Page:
Today is Election Day in the United States, and yet today, many people will not vote. They may have been discouraged by the perceived lack of influence behind their vote in the past; like some of the recent voters in Scotland, what they wanted differed from what happened, their voice drowned out in a chorus of opposition. Or they may feel like they’re too busy to go out to a polling place and cast their vote, their daily itinerary already gorged with activities.
And I understand. Living in Washington State, we have it easier, because we get to fill our ballots out ahead of time. All we have to do is deposit them into designated ballot boxes, though we can also mail them. But, being on the conservative side, my vote often seems to get choked out, particularly if the issue is state-wide and voters from King County are being polled. (For some reason, Seattle proper and its surrounding suburbs have a great many people who seem to see things differently than I do.)
But I still vote. My vote is just one voice, but it is a voice, and, in the past, women fought hard overcome the enforced silence—the lack of legal right to vote—enduring criticism and scorn and sometimes physical hardship as the result. A little inconvenience on my part is all I have to pay.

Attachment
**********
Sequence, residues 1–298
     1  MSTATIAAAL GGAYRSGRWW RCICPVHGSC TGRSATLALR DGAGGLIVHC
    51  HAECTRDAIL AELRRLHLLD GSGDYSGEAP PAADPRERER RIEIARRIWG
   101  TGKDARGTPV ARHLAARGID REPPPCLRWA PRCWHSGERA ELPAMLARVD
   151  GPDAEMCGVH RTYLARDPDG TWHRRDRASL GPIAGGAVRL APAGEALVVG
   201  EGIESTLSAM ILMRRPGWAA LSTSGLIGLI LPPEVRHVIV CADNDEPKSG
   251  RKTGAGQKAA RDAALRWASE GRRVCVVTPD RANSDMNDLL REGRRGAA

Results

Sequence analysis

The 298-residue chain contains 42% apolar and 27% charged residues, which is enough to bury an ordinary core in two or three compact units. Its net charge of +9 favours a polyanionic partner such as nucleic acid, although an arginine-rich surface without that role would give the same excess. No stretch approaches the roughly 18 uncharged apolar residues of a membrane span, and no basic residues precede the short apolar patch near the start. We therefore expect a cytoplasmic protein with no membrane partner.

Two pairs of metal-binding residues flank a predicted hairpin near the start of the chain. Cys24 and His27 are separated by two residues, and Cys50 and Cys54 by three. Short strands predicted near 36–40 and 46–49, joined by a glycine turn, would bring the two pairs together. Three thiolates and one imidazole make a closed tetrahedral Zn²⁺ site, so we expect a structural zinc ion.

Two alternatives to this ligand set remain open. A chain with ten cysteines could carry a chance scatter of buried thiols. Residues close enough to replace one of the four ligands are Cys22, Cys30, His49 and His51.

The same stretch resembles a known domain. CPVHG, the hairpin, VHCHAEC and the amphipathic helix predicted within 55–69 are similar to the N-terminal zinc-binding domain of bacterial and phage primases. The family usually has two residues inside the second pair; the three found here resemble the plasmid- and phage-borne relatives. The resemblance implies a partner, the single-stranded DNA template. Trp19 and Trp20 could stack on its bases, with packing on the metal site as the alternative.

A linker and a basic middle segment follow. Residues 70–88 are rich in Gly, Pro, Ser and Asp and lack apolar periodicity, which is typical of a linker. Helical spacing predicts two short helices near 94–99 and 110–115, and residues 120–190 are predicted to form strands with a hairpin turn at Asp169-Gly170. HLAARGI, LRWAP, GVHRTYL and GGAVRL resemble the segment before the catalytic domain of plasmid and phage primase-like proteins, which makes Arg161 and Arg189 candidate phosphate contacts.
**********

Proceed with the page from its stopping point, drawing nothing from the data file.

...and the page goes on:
And even if the election doesn’t go my way, I’ll still have done my part. I’ll have stated my convictions on paper, for the record. I will not allow my silence to be my abdication, giving up the privilege of choice to someone else.
I may feel like a modern-day Abdiel (Paradise Lost), one voice of reason and truth among a sea of apostasy, but at least I won’t let the sea go unchallenged. (And usually, the opposing voters do not deserve to be compared to Lucifer). 🙂
“Few sometimes know, when thousands err,” Abdiel said, and if we know, or even think we know, or have any opinion whatsoever, we cannot keep quiet, folding our hands and going about our lives and giving up all chance of change because it seemed unlikely to make a difference.
An election is like placing rocks on a scale. Each of us have only a pebble, but one pebble will tip the balance, at some point. If none of us bother, the scale won’t go anywhere.
Copyright 2014 Andrea Lundgren